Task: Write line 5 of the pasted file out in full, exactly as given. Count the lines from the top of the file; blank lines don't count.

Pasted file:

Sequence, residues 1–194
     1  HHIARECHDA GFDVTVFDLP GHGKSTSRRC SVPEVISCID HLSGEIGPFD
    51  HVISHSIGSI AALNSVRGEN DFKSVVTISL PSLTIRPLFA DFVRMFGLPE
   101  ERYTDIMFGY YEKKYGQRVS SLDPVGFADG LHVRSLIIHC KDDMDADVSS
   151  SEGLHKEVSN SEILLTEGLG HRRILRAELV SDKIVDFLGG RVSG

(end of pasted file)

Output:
   151  SEGLHKEVSN SEILLTEGLG HRRILRAELV SDKIVDFLGG RVSG